We need more directors willing to take risks with films like Get Out.
"Policeman," by debuting Israeli director Nadav Lapid, is a curiously bifurcated film. It starts out telling the story of one group of characters, the policemen suggested by the title. Then, about halfway through, it abruptly shifts to focus on another group, a small band of left-wing radicals. Naturally, the two stories converge toward the narrative’s end, but that doesn’t overcome the sense that the film suffers from a deeper bifurcation: a split between actually saying something about the tricky political and cultural issues it treats, and appearing to do so while shying away from that task’s toughest challenges.
The policemen depicted in the film’s first part are not ordinary cops but a five-man team in the Israeli Defense Ministry’s elite Anti-Terrorism Unit. In other words, they’re assigned not to police regular Israelis but to control Palestinians (a.k.a. terrorists), often by lethal means. The film doesn’t start out explaining this, or showing the men in action; rather it stresses their macho camaraderie with scenes of them bicycling across the desert and engaging in horse play, playful wrestling matches and endless back-slapping at a Tel Aviv barbeque.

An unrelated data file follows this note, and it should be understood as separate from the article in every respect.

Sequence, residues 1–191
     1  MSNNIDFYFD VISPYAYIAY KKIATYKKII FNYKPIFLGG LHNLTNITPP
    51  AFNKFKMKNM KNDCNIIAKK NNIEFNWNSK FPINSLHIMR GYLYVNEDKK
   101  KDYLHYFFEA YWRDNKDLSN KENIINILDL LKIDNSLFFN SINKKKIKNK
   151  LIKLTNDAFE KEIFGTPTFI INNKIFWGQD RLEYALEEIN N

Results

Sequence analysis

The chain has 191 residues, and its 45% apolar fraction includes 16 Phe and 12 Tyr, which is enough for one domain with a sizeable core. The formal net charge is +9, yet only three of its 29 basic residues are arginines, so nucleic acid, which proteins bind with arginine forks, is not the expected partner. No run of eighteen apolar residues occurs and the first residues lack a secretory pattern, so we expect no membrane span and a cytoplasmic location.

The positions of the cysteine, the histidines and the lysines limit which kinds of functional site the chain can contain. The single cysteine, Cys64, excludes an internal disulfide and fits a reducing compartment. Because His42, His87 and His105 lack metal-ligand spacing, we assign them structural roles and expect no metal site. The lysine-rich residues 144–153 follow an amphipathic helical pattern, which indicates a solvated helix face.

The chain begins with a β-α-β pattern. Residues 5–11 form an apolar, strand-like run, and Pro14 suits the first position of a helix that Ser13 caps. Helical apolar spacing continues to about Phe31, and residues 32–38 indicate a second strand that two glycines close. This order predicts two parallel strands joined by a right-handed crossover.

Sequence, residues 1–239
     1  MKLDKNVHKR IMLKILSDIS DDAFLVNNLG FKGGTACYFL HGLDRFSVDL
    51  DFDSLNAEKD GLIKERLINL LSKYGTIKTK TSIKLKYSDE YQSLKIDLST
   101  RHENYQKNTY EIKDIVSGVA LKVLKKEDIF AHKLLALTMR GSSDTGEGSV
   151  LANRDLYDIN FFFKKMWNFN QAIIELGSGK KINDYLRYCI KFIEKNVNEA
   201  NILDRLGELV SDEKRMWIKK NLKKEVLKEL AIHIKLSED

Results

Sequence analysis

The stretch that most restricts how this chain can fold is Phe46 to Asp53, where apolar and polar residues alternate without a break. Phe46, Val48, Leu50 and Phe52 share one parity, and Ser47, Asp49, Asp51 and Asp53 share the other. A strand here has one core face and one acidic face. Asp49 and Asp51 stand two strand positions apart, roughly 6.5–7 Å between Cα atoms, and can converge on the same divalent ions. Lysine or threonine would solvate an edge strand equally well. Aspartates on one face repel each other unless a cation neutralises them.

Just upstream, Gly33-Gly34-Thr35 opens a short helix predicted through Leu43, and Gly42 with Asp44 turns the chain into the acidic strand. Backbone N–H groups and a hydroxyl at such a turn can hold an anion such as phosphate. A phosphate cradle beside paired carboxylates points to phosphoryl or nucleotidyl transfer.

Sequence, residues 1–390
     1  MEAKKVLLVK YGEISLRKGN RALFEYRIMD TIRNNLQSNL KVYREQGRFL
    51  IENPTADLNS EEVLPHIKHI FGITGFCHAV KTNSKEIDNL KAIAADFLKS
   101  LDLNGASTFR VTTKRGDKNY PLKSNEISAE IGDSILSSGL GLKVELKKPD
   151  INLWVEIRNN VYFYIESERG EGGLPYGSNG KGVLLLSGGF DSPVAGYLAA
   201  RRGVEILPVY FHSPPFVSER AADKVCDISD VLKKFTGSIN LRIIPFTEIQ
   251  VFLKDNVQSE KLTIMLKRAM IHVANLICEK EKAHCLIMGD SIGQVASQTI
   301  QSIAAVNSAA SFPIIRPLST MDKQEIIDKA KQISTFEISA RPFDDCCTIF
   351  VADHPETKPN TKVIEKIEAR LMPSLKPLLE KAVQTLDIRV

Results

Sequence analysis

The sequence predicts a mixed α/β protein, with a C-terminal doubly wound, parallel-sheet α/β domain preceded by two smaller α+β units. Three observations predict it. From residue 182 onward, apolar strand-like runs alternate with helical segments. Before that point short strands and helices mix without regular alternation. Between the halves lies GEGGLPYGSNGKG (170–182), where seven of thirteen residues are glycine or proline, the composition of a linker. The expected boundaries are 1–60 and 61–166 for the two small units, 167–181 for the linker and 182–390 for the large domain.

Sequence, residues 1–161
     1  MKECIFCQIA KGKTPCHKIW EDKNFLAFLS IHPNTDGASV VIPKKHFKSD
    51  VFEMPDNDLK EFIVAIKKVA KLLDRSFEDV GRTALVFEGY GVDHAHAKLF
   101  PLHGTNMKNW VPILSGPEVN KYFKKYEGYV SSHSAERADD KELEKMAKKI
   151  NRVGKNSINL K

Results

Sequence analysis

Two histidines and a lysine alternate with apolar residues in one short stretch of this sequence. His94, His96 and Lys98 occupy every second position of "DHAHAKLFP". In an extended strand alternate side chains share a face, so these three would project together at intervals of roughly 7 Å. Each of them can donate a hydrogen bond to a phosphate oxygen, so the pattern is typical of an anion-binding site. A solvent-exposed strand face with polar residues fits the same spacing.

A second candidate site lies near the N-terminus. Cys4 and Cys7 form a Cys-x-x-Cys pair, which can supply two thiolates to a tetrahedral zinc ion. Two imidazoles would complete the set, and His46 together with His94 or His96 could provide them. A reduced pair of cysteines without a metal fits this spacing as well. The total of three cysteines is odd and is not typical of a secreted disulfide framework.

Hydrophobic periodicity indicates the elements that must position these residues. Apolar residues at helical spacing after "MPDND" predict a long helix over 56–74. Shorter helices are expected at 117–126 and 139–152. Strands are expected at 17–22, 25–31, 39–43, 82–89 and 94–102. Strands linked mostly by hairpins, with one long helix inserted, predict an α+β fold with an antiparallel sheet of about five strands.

The leader of this group, Yaron (Yiftach Klein), is described as an "alpha male" in the press notes, and the film displays an almost-lipsmacking avidity in conveying his masculine hotness. In one early scene, he puts an upbeat tune on the stereo and dances seductively in his short-shorts for his wife, and us, as if to make sure we haven’t failed to notice his sexy build. But Yaron’s also a guy facing challenges on several fronts.
At home, his wife is in the final stages of pregnancy. While this carries both excited optimism and dramatic anticipation (they know the child will be a girl), it also means he’s not getting laid. At a seaside restaurant, he chats up a pretty waitress and finally asks her age. She says she’s 15. Ulp. Will he or won’t he?